Status Report

NASA Space Station On-Orbit Status 11 January 2005

By SpaceRef Editor
January 11, 2005
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NASA Space Station On-Orbit Status 11 January 2005

SpaceRef note: This NASA Headquarters internal status report, as presented here, contains additional, original material produced by (copyright © 2004) to enhance access to related status reports and NASA activities.

All ISS systems continue to function nominally, except those noted previously or below. >>>Today eight years ago, Dr. Chiao performed two spacewalks from STS-72/Endeavour to work with the Japanese-launched OAST-Flyer. designed to demonstrate tools & hardware and evaluate techniques to be used in ISS assembly. In completing this mission, Chiao logged a total of 214 hours and 41 seconds in space, including 12 hours and 57 minutes EVA time, travelling 3.7 million miles in 142 orbits and becoming the first Asian-American and ethnic Chinese to perform a spacewalk. Congratulations, Leroy, on this great milestone of spaceflight history!<<<

Before breakfast, CDR/SO Chiao performed the 24-hr. data registration of the acoustic dosimeters (two body-worn and one static) deployed yesterday. Readings will again be taken tonight before sleep time, after which Leroy will deactivate and stow the dosimeters. [Before turning the dosimeters back on again, their batteries were changed out. The dosimeters were then statically deployed for approximately 12 hrs in specified locations.]

After shutting off the Elektron O2 generator temporarily to deactivate VD-SU control mode, FE Salizhan Sharipov worked on the BITS2-12 onboard telemetry system, replacing the redundant string A’s PZU (Rom) in the TA968MA central processor subsystem unit. Later, the Elektron was powered on again after reactivation of VD-SU mode.

In the Lab module, Chiao powered up the HRF GASMAP (Human Research Facility/Gas Analyzer System for Metabolic Analysis Physiology) and its laptop for the regular functional checkout of the GASMAP system, which is a little more comprehensive than the two sessions performed by Leroy so far. [After unstowing, cabling and powering up the gear, Chiao was supported by ground tagup in the functional check procedure. Afterwards, GASMAP was deactivated with its HRF PC and the collected files added to the downlink package.]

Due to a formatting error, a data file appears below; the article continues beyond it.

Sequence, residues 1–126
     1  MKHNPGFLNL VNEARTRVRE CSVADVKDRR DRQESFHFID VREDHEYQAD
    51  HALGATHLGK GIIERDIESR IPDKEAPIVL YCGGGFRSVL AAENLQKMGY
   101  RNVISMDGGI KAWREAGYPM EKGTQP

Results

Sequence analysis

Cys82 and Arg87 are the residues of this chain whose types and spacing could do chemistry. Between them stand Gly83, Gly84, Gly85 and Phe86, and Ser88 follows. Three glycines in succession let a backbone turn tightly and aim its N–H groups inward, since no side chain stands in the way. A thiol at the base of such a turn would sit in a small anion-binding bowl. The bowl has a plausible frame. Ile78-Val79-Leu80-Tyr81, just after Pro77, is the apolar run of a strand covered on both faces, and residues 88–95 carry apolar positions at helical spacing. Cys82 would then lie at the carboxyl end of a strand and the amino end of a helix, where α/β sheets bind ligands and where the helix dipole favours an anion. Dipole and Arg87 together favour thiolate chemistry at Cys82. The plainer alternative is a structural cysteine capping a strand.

The FE worked on the Stage 2 installation of new cables for the SUBA (onboard equipment control system) for improved automation of the system, which he had laid out on 12/9/04. [The SUBA controls, monitors, and diagnoses SM systems status. It operates using sensor output signals and command radio link SM functional outputs, onboard computer system (BVS) units, SM control panels, and system relay outputs. Its software resides in the SM central computer (TsVM) and terminal computer (TVM).]

Chiao conducted another installment of the extensive periodic noise level measurements program throughout the station, using the US sound level meter (SLM) in the cabin for a 2-hr. acoustic survey. The recorded data were later transferred to the medical equipment computer (MEC). [These acoustic measurements are obtained once every two months at 46 locations in the Lab (13), Node (4), Airlock (3), FGB (7), SM (11) and DC-1 (3) modules. The survey also includes five crew preference locations taken at their perceived loudest locations in the station. The SLM gives instantaneous noise levels and their frequency spectra, which are transferred to the MEC laptop via an RS232 cable and later downlinked with regular CHeCS (crew health care systems) data dump or via OCA. ]

The CDR also performed an inspection of the Lab window, taking digital photographs of the panes with the Kodak 760 DCS (digital camera system).

Leroy did the routine maintenance of the SM’s SOZh environment control & life support system, today including the weekly inspection of the BRPK air/liquid condensate separator apparatus. He also prepared the regular IMS (inventory management system) delta file for export/import to the IMS databases.